Note: The following is an excerpt from this week’s report. You can access the full report that contains detailed historical actual and estimates for the current and following periods, Earnings Trends please click here>>> Here are the key points: Total S&P 500 earnings for 2023 Q1 are expected to be down -9.7% from the same period last year on +1.8% higher revenues. This would follow the -5.4% decline in the preceding period’s earnings (2022 Q4) on +5.9% higher revenues.
In terms of growth, 2023 Q1 earnings are expected to be below the year-earlier level for 10 of the 16 Zacks sectors, with Basic Materials (-39.4% decline), Construction (-31.9%), Medical (-22.6%), Conglomerates (-23.8%), Autos (-16.1%), Technology (-17.6%), and Consumer Staples (-8.9%) having notable declines.
Sectors enjoying positive earnings growth in 2023 Q1 include Transportation (+54.9%), Aerospace (+15.0%), Energy (+5.5%), Finance (+2.3%), Industrial Products (+0.8%), and Consumer Discretionary (+17.8%).
Earnings estimates for full-year 2023 have been coming down as well. From their peak in mid-April 2022, the aggregate total for the year has been cut by -12.5% for the index as a whole and -14.3% when excluding the Energy sector’s contribution.
For 2023 Q1, S&P 500 earnings are expected to decline -9.7% from the same period last year on +1.8% higher revenues.
As has been the case in recent quarters, estimates for 2023 Q1 have been steadily coming down, as the chart below shows. Image Source: Zacks Investment Research
Please note that the magnitude of cuts to Q1 estimates is relatively modest compared to what we saw in the comparable periods for the last few quarters. That said, estimates have come down across the board for most sectors.
The Finance sector, which dominates the initial phase of each reporting cycle, enjoyed modest upward revisions to estimates in the first two months of the quarter. However, estimates started to come down as the regional banking crisis took hold following the Silicon Valley Bank episode. The Finance sector as a whole is expected to show +2.3% earnings growth in Q1 on +7% higher revenues, which would follow the -17.1% earnings decline on +3.7% higher revenues in 2022 Q4. The Major Banks industry, which includes JPMorgan ( JPM Quick Quote JPM - Free Report) and Citigroup ( C Quick Quote C - Free Report) , that will kick-start the Q1 reporting cycle for the group on April 14th, is expected to bring in +5.1% more earnings in the period on +13.5% higher revenues. The table below shows the Q1 earnings and revenue expectations for the Finance sector’s constituent industries. Image Source: Zacks Investment Research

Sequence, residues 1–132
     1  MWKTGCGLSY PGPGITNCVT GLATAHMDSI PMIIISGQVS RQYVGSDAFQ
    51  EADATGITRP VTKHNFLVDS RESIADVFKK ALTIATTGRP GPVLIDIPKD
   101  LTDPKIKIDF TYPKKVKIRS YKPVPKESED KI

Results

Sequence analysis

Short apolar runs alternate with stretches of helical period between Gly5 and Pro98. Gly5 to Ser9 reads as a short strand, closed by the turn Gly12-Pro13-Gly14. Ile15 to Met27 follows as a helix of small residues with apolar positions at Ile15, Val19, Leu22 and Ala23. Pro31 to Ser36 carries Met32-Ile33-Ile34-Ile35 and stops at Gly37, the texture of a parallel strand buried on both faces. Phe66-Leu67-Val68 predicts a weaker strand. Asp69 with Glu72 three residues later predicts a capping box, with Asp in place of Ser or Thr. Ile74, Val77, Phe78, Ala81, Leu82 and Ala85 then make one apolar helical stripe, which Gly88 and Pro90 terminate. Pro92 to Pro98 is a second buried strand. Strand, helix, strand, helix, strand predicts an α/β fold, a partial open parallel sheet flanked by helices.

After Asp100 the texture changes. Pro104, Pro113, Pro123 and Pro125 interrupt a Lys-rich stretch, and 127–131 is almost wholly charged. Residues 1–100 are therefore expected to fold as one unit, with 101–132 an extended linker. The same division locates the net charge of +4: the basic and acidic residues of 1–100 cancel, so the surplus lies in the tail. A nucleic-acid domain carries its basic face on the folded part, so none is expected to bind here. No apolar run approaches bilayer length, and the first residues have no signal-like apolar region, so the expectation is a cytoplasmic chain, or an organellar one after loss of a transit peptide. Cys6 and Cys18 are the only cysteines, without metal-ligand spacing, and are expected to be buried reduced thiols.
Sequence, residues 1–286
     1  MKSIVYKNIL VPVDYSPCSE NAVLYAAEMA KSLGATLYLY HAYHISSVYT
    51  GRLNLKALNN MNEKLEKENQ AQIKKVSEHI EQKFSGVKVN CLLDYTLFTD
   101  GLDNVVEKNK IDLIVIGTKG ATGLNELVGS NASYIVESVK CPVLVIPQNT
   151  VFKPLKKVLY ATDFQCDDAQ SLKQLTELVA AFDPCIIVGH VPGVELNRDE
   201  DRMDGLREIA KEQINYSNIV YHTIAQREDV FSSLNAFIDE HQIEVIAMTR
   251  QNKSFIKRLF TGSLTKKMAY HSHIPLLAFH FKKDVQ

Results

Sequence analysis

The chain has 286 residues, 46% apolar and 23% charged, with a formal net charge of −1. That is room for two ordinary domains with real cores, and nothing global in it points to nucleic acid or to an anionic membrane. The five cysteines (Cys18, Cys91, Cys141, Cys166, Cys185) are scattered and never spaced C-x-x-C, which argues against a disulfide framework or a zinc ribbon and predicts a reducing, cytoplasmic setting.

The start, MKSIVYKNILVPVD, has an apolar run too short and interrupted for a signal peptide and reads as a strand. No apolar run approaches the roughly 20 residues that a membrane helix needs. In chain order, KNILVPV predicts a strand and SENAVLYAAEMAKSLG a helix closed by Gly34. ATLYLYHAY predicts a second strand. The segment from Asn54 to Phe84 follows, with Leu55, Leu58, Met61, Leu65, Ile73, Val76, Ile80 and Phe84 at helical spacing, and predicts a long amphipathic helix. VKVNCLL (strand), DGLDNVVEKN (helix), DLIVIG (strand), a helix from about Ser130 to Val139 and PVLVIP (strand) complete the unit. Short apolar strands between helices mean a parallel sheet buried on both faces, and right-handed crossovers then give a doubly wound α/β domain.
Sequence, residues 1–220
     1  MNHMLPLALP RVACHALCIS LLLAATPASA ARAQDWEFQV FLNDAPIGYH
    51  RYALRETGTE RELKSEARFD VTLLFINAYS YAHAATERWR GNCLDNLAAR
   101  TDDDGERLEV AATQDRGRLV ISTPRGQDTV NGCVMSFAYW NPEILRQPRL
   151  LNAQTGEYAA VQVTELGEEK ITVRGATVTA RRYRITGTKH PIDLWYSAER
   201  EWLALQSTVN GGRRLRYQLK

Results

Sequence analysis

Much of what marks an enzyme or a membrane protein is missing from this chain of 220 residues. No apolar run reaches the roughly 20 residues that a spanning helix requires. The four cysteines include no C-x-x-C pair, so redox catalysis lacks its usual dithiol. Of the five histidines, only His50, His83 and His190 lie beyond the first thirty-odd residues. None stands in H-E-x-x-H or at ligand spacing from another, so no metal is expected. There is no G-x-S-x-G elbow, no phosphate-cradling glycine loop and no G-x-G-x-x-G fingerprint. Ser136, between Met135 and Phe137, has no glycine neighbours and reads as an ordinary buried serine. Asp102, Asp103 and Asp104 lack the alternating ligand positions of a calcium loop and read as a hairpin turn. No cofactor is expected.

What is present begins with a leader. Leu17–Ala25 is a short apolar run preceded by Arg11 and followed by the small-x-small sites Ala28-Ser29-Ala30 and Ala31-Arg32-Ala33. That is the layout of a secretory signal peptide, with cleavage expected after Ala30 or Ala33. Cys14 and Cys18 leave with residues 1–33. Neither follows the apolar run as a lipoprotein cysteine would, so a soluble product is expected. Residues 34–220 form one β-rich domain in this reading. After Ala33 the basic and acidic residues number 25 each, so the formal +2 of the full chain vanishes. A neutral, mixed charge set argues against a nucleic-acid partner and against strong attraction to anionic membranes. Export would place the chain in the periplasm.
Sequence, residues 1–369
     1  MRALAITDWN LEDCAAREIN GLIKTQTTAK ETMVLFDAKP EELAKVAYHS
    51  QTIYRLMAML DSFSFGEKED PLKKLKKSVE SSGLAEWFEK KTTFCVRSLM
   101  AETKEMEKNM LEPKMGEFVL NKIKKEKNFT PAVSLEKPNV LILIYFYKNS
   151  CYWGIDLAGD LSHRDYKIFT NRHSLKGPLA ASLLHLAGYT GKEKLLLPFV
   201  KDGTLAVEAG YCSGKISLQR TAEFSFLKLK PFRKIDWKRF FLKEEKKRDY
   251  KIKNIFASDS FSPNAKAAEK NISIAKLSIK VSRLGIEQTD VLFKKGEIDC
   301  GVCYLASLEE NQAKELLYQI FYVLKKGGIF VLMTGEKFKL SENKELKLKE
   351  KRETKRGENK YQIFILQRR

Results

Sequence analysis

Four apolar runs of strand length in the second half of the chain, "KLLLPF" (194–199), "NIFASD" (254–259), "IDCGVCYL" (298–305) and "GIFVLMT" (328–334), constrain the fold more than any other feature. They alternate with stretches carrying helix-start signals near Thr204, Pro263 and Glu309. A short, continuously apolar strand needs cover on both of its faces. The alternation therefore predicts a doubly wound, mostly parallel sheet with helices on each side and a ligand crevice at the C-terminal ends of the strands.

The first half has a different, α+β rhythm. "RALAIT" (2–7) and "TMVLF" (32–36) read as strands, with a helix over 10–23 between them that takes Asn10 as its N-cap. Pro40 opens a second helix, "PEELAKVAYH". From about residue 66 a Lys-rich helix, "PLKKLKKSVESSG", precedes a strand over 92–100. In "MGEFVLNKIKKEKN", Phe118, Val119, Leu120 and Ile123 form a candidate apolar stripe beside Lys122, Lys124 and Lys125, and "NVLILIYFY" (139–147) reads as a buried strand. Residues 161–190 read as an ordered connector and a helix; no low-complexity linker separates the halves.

The big money-center banks like JPMorgan and Citigroup will enjoy strong net-interest income growth as a result of growing loan portfolios and expanded margins. But those gains will mostly get offset by weakness in investment banking and other fee activities. Credit quality still remains favorable by historical standards, though delinquencies are bound to increase as the economic cycle turns down. Some of that will show up in provisions for loan losses in these quarterly reports, as we did in the preceding quarterly reporting cycle.
The Earnings Big Picture The chart below shows the evolution of aggregate earnings estimates for 2023 since the start of 2022. Image Source: Zacks Investment Research
As noted earlier, the current aggregate earnings total for the index approximates to an index ‘EPS’ of $214.70, down from $242.98 in mid-April, 2022.
The chart below tracks these index ‘EPS’ values since the start of 2022. Please note that these ‘EPS’ values are imputed approximations and have been previously published on the dates listed in the chart below. Image Source: Zacks Investment Research
The chart below provides a big-picture view of earnings on a quarterly basis. The growth rate for Q4 is on a blended basis, where the actual reports that have come out are combined with estimates for the still-to-come companies.
Image Source: Zacks Investment Research
The chart below shows the overall earnings picture on an annual basis.
Image Source: Zacks Investment Research
As mentioned earlier, 2023 aggregate earnings estimates on an ex-Energy basis are already down by more than -14% since mid-April 2022. Perhaps we see a bit more downward adjustments to estimates over the coming weeks, after more companies report quarterly results and provide guidance. But we have nevertheless already covered some ground in taking estimates to a fair or appropriate level.
This is particularly so if whatever economic downturn lies ahead proves to be more of the garden variety rather than the last two such events. Recency bias forces us to use the last two economic downturns, which were also among the nastiest in recent history, as our reference points. But we need to be cautious against that natural tendency as the economy’s foundations at present remain unusually strong.